Students are already drawn to music.  I think a great way to use this in class would be to compare what SAVAE has reconstructed with today’s reggaeton a fusion of West-Indian music, such as reggae, and traditional Latin American rhythms and themes, such as salsa and bomba, with contemporary hip hop and electronica.  The result is a fusion, parts of which sound familiar to those acquainted to with any one of the root genres, but nonetheless strange.  This is frequently the case with SAVAE’s Conquest-era reconstructions.  If I had to describe the sounds, I would say they are something loosely like medieval European chant and the music we purchased in Taos, NM visiting the Pueblos.  But, that doesn’t really do it justice.  It would be a great introduction to the subsequent melding and blending of the two cultures in the wake of the Age of Discovery.

There are samples at the website link at the top of the post–check them out!  In addition, they as a group have continued to evolve (apparently, I am late to the game) and their repertoire has grown accordingly.

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A tech blog — helping students write better and think creatively

Today, is a quick post about some of the teacher-assist websites out there that I am going to try this semester.  At the end of the semester, I will write a follow-up and let you know how it went.

The purpose of this site is to facilitate grading based on a question of the paper’s originality.  This is intended to catch deliberate plagiarism and accidental or careless paraphrasing, while improving citation practices.  I plan on using this for my students’ first drafts on their final projects.  The site also has a built-in peer review program, but I’ve decided to use the site below and assign the peer-review project for the second draft.

For the time-being, I am using the two separate sites to help keep the drafts separate in my mind and because I want to play with both before I commit to one or the other.  If you are a fan of paperless or paper-minimal, the site appears to work with you because one simply uploads the papers and the site does its thing.  It also has a grading feature, which I am a little loathe to use–maybe if I was teaching larger numbers and no TA I would consider it, but it seems like a cop-out and I don’t see how it saves you time grading on content.


At the University of Pittsburgh (archrival to my hometown school, WVU . . . but, we’ll let that pass), a website has been developed for peer-review facilitation.  SWoRD is short for “Scaffolded Writing and Reviewing in the Discipline” and was constructed by a multi-discipline team to set up a platform for peer-review projects.  The site conveniently supplies professional papers that have been written to ascertain the value of such a program.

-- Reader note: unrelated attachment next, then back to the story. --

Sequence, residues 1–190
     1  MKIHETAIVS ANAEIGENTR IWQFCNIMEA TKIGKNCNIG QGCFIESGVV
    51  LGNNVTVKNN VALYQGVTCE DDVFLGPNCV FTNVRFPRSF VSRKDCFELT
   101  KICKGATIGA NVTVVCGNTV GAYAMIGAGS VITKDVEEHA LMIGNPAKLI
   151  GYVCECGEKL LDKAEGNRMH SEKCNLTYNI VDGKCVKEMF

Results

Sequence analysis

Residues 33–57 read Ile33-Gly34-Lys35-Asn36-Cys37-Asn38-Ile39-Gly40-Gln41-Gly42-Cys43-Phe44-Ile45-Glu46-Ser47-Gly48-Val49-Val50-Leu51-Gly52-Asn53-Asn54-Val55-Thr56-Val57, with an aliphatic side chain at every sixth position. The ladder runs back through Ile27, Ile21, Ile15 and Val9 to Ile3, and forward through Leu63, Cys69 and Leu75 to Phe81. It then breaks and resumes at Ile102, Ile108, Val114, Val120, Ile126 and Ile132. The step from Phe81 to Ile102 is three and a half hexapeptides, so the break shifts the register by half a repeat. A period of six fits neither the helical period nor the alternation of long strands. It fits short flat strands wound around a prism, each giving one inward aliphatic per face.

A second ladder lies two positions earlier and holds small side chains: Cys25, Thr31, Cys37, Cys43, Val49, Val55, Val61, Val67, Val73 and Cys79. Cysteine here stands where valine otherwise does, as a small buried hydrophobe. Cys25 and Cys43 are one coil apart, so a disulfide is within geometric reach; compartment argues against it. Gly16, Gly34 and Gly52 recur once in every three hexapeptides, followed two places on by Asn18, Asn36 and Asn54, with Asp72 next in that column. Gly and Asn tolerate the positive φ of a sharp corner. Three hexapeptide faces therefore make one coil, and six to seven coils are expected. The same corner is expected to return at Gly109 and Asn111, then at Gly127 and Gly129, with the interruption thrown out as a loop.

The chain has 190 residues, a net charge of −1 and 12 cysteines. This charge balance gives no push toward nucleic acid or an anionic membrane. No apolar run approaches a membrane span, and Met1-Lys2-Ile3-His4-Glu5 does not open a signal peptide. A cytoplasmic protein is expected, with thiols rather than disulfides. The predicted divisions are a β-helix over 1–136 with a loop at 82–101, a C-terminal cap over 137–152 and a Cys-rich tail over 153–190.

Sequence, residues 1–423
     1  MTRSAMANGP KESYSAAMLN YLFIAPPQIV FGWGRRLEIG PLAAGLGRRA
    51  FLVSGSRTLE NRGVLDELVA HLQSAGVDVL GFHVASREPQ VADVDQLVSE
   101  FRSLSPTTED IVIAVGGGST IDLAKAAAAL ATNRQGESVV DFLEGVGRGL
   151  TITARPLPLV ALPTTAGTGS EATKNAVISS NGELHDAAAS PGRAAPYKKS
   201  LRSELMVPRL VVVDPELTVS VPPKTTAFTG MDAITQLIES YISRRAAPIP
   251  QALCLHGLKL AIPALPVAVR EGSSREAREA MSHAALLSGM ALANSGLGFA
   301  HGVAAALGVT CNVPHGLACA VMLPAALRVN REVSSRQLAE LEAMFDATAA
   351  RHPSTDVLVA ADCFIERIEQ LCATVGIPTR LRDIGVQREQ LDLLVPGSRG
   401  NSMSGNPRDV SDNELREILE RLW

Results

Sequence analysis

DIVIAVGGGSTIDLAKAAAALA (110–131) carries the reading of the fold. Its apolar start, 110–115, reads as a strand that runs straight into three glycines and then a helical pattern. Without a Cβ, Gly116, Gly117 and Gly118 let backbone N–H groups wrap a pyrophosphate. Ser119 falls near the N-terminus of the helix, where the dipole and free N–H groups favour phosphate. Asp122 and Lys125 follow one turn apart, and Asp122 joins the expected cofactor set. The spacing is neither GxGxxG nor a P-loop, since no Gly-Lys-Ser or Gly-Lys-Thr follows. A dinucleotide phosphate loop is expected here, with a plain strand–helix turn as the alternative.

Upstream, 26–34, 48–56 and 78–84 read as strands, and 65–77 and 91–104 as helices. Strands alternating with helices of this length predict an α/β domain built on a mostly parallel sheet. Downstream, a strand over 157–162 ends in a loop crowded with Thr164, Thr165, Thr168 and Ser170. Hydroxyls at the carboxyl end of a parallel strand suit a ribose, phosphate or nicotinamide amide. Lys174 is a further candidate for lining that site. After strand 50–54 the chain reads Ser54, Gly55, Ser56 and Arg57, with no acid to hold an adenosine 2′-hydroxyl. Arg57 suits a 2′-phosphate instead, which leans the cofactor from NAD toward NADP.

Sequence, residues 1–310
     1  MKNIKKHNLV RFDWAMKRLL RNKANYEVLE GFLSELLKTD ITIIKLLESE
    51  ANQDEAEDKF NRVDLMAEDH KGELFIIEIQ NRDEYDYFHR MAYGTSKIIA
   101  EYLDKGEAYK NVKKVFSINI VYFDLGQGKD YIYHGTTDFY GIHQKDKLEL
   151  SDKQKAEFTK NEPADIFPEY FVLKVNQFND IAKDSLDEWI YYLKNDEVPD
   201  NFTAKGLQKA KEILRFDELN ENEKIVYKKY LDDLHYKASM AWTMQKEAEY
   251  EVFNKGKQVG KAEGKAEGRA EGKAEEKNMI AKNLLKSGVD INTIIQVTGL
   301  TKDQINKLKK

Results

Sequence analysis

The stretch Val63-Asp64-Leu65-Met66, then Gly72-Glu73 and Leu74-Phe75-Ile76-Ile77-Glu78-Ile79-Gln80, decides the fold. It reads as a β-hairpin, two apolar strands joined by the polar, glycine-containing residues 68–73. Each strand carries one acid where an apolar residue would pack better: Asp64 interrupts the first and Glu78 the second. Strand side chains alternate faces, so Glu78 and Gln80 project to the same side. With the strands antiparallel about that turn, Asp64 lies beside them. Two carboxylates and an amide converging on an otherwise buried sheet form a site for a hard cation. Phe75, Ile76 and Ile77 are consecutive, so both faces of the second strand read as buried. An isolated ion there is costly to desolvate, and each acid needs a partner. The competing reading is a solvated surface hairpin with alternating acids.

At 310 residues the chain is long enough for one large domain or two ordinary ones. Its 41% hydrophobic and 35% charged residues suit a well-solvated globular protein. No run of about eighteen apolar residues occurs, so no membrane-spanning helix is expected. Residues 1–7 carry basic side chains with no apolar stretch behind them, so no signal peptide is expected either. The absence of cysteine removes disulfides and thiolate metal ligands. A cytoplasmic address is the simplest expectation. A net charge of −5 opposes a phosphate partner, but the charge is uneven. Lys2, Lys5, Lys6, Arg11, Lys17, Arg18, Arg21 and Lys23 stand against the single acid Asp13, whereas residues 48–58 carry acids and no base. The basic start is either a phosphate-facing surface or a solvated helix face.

My intent is to use this program for the final paper project after they have submitted a rough draft to me for content and originality (see above section), this will be the second draft before the final submission.  Following the site’s advice, the reviewing by the other students will be graded, as well.  Wisely, the instructor creates the rubric.

As someone who always tries to teach history as authentically as possible–not just content, but the field–I like the idea that the students are engaging the project on the same level and by the same methods as the pros do.  Also, I am a believer that being forced to read someone else’s writing improves one’s own reading and writing skills.

So, I stole this from History Tech (who it looks like snagged it from someone else), but I definitely plan on using this as extra credit or an in-class assignment!! creates a fake FaceBook wall, which offers some great possibilities to one’s teaching repertoire–particularly for us historians!  While there is a lot of stupid.. er.. I mean “fun” stuff on the website (which can be distracting), there is also already some fun history content stuff on their–so, don’t let your students steal any of it!  One good example is Martin Luther’s Wall.

I think there are a lot of good opportunities, here!

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Sports devotees = History fans, Super Bowl XLV

Super Bowl history

Sports fans are history devotees!  Nothing brings that home more than the media coverage during the two weeks between the Conference Championships and the Super Bowl.  Every year Hall of Famers and future Hall of Famers roll out to the Super Bowl and fill the media waves with reminisces and reflections.  The two teams playing are loaded with tradition and heritage and their particular histories are being picked apart and debated, recalled and rehashed.  One team had the coach, Vince Lombardi, for whom the trophy they are fighting over this Sunday was named; the other team has the most Lombardi Trophies of any team in the league!

ESPN hosts a debate about which team, the Dallas Cowboys (hosting the Super Bowl), the Pittsburgh Steelers or the Green Bay Packers, is actually America’s Team.  Articles and sports shows are dropping Titletown, USA and the City of Champions 100 times a day.  NFL Network is running past games and discusses heritage and legacy; the Top Ten series which ranks any number of football games, positions, teams, statistics, milestones, eras, etc., and spans the football ages, is rerunning topical top ten lists to reflect the upcoming battle!

I love both sports and history, so there is nothing better for me than to mix the two.  I am fortunate to be teaching a special topics history course, Sports in America, at CCBC (MD) this semester.  Check out the class’s blog, America’s Pastimes Unwound,, and keep an eye on it throughout the spring!

In the meanwhile enjoy all the tradition, legacy, heritage and history of the NFL as these two titans, the Pittsburgh Steelers and the Green Bay Packers, with all their lore, continue the Super Bowl tradition while the nation watches in Super Bowl XLV!